Potentially harmful chemicals can be present in a very wide array of interior design products, she said, including seating, beds, table and desk surfaces, shelving, window coverings, panels, flooring products and paint and other wall coverings. The chemicals contained in such products can enter the atmosphere in gaseous form during the products' use and upon disposal, said Gibson.

Industry solution
While there is a federal law intended to regulate chemicals used in interior and other consumer products, full implementation of the law has been lax, said Gibson. To counter that, eight years ago Practice Greenhealth, Health Care Without Harm, the Center for Health Design and 12 health systems launched Healthier Hospitals with the intent to use the market power of the health care industry to promote the manufacture of safe interior design products, among other products.

Its "Healthy Interiors Goal" established in 2012 says 30 percent of the furniture and other fabrics and finishes purchased each year by participating facilities will be free of flame retardants, formaldehyde, perfluorinated compounds, antimicrobials and polyvinyl chloride.

Gibson noted that some flame retardants used in interior products have been linked to negative health effects related to neurological, cognitive, reproductive and immune system functioning. In addition, she said that some antimicrobial compounds added to textiles to kill infectious agents can harm human health and can lead hospital staff to have a false sense of security about infection control. "With rare exception, very few data support the need for antimicrobials in furniture to reduce health care associated infection," she said.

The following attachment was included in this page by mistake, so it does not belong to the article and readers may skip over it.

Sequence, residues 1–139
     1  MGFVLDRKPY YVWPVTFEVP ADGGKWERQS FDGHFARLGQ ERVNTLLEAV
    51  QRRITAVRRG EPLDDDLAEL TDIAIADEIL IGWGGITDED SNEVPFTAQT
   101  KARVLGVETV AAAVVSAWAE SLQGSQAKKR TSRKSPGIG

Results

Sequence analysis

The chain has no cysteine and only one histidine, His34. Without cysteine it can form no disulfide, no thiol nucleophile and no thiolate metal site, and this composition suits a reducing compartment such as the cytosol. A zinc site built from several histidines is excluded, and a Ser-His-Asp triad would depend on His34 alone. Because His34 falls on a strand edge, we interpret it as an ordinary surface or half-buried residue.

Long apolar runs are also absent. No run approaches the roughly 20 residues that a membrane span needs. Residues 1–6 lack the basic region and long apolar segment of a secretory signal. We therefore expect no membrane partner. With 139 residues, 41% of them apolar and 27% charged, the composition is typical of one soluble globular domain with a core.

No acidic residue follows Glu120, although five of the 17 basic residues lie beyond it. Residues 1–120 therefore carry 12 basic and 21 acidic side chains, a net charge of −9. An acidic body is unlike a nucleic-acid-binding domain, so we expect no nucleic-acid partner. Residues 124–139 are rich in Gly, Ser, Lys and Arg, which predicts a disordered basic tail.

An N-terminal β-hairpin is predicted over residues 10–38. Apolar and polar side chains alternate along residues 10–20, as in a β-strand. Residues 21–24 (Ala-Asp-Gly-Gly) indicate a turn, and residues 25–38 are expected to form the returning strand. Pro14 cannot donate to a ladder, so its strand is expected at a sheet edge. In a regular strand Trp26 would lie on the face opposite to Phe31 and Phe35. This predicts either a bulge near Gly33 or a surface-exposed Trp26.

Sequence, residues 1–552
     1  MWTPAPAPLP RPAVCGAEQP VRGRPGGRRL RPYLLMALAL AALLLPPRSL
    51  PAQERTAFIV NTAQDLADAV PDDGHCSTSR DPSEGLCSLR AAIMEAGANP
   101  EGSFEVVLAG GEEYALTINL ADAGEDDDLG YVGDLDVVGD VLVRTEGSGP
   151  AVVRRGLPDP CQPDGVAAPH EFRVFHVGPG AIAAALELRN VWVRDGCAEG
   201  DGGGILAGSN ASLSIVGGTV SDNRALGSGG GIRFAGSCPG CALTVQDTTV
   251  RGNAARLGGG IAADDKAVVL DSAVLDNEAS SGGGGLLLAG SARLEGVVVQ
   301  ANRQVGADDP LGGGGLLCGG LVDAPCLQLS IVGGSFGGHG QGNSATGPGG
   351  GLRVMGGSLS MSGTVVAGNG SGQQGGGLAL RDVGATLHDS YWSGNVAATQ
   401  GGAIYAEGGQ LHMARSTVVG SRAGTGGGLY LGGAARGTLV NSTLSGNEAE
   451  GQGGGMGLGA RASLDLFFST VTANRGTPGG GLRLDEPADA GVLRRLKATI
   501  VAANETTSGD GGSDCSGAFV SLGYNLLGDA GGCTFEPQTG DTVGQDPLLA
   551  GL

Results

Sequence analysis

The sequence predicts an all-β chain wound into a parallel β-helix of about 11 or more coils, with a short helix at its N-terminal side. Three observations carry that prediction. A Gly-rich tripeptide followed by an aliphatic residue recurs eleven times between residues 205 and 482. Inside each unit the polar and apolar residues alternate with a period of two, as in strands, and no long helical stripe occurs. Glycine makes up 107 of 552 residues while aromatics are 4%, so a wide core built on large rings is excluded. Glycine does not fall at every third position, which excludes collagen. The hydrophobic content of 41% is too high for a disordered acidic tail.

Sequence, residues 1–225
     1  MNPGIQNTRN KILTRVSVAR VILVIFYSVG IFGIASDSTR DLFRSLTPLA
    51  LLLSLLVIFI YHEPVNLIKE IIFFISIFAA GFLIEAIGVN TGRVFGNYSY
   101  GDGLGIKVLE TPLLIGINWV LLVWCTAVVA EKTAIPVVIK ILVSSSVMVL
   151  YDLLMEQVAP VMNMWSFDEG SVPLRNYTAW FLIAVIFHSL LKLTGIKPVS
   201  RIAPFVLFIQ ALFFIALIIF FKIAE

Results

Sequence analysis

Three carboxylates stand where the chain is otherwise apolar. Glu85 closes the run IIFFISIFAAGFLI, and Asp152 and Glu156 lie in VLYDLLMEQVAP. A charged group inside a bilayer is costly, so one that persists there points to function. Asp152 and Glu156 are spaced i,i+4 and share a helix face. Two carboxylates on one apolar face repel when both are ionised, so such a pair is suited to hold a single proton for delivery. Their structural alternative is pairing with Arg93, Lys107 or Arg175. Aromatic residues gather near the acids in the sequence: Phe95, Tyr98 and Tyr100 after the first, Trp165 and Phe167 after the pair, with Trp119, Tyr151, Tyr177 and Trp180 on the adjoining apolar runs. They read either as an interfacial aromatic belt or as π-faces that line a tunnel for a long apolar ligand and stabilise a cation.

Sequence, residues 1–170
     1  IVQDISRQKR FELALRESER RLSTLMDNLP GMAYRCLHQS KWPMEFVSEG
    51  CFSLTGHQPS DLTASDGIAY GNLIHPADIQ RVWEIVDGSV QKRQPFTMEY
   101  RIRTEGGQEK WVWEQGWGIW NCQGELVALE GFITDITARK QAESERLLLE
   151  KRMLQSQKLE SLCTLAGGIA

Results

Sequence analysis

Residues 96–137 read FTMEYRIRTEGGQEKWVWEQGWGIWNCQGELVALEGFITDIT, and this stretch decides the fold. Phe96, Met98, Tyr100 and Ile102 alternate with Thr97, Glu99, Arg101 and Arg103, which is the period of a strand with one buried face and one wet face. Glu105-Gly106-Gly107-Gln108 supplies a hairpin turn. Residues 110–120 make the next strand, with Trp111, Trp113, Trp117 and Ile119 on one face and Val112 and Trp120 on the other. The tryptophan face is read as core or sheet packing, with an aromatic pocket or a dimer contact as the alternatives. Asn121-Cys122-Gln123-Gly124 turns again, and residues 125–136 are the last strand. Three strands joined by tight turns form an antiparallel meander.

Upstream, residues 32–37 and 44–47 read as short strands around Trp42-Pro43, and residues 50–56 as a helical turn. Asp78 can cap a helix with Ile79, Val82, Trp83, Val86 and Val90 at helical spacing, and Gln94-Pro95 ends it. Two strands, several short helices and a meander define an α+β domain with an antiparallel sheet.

Larsen said manufacturers of commercial furniture have been re-engineering their products to omit the concerning chemicals, working with client hospitals to develop and test alternative products and creating helpful lists of products that are compliant with the Healthier Hospitals criteria. "By demanding safer products, we are changing the market," she said.

Larsen and Fentress explained during the webinar how their systems have met — and even exceeded — the Healthy Interiors Goal.

Created through a merger this spring, Advocate Aurora Health is a nonprofit system with 26 hospitals in Illinois and Wisconsin. Larsen helped direct legacy system Advocate's participation in Healthier Hospitals and now is spreading that work throughout the merged organization. She said all the legacy Advocate system's sites pursue the Healthy Interiors Goal.

The system formed a team that includes representatives from planning, construction and design units. One member of the team has responsibility for the standardization activity connected with all furniture purchases across the system. This centralized model enables Advocate Aurora Health to strictly enforce environmental standards in line with the Healthy Interiors Goal, said Larsen.